The reason for their initial hesitation — which has never been stated publicly by any Jewish organization — is that Rosenbaum’s stabbing occurred in the midst of the Lubavitcher sect of the ultra-orthodox Hasidim.

Some mainstream Jewish organizations feel uncomfortable and embarrassed by the Hasidim. [Those are the guys in the long black coats and dangling sideburns, many of whom have limited educations, live near the poverty line, and occasionally fight with the police.]

Contrast the ADL’s initial silence on Rosenbaum’s stabbing with its lobbying for a pardon for the fugitive millionaire Marc Rich.

In December 2000, Abraham Foxman, the ADL’s national director, wrote to President Bill Clinton, seeking clemency for Rich, who, years before, had fled to Switzerland and renounced his U.S. citizenship to avoid standing trial on big-time fraud and tax charges.

Explaining his support of Rich, Foxman wrote at the time: “I did so because I believed, along with many others whom I respect, that Mr. Rich deserved a second chance. A generous and philanthropic man whom I knew for 15 years, he had worked tirelessly for the good of others.”

Foxman forgot to mention that, in 1999, Rich had given the ADL $250,000.

Clinton granted Rich clemency after a recommendation from then deputy attorney general Eric Holder on Clinton’s last day in office.

A year later, in 2001, Foxman acknowledged he had made a mistake about Rich.

“On further reflection, as this unique case unfolded, I began to question whether a person’s good deeds should overshadow other aspects of his behavior. In hindsight this case probably should not have had my involvement.” Duh.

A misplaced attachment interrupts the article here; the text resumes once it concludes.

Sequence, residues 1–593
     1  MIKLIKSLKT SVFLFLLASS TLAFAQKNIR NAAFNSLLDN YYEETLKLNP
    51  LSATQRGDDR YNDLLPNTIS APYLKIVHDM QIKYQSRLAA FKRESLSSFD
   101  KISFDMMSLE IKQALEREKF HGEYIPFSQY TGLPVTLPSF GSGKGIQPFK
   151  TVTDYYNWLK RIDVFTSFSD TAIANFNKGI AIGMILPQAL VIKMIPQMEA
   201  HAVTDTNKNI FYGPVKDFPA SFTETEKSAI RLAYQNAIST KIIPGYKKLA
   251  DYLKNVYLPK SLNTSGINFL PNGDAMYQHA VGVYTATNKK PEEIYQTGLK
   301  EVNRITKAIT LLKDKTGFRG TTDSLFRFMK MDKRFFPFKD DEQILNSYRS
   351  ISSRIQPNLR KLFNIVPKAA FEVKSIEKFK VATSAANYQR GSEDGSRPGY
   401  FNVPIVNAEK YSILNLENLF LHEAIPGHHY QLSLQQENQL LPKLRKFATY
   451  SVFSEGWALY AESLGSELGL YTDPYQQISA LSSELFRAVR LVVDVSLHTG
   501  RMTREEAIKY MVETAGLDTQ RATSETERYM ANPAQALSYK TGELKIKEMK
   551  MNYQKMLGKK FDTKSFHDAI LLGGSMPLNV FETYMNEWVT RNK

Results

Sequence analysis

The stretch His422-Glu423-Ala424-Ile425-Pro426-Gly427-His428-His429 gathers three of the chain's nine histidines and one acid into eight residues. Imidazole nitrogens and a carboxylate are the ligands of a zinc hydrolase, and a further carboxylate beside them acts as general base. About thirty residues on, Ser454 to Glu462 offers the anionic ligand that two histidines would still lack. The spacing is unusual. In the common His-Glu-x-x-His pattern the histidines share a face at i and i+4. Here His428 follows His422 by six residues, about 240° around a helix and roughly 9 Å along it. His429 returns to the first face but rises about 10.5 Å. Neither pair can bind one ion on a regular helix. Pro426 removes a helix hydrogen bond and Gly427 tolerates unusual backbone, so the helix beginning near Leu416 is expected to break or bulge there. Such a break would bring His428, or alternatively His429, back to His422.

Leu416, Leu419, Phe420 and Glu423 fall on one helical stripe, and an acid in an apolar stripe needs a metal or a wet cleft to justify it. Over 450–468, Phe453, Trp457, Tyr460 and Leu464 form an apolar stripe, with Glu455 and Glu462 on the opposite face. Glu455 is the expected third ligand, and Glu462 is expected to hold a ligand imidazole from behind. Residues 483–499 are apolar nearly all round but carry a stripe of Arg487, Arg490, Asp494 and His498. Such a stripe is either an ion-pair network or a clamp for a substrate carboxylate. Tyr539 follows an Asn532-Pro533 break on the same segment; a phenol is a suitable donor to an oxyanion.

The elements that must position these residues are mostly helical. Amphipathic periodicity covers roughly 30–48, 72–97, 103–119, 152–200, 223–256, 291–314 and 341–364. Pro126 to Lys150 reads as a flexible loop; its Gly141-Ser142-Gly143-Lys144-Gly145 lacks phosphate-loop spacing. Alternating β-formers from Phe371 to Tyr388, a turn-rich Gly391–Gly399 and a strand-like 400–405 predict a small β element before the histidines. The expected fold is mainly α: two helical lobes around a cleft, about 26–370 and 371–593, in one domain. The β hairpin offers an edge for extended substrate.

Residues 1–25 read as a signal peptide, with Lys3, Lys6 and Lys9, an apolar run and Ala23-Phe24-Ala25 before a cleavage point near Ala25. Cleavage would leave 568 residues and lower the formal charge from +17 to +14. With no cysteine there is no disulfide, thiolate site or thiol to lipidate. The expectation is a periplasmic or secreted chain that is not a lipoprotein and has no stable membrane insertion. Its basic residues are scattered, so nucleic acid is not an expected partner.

Now let’s turn to the mosque near Ground Zero.

On July 28, the ADL issued a statement opposing the building of the mosque a few blocks from the World Trade Center site.

Next, Foxman told the Times it should be built “a mile away.”

Explaining his position, he cited sympathy for the families who were victims of 9/11 and compared them to the relatives of Holocaust survivors.

“Survivors of the Holocaust are entitled to feelings that are irrational,” he told the Times.

The Times continued: “Referring to the loved ones of September 11 victims, he [Foxman] said, ‘Their anguish entitles them to positions that others would categorize as irrational or bigoted.’”

Well, maybe in a year or so, Foxman will issue another statement, saying he made a mistake about the mosque.

Here’s what he might say. “On further reflection, as this unique case unfolded, I began to question whether irrationality and bigotry are legitimate justifications for Anti-Defamation League policies.

“I can’t recall now why or how I came up with the idea of moving the mosque ‘one mile’ from Ground Zero, especially since another mosque has been operating for years without incident just a few blocks from the World Trade Center site.

“I also don’t know what I can say that makes sense to the family of those Muslims who also died at Ground Zero.

“While not seeking to slight the pain of those whose families who suffered loss on 9/11, I now realize that there are families of victims of 9/11 who do not object to the mosque’s being built near the site. Their voices are not as loud as those who oppose the mosque.

“In hindsight, I wonder if I allowed my own irrational prejudices to cloud my reasoning.”


Copyright © 2010 Leonard Levitt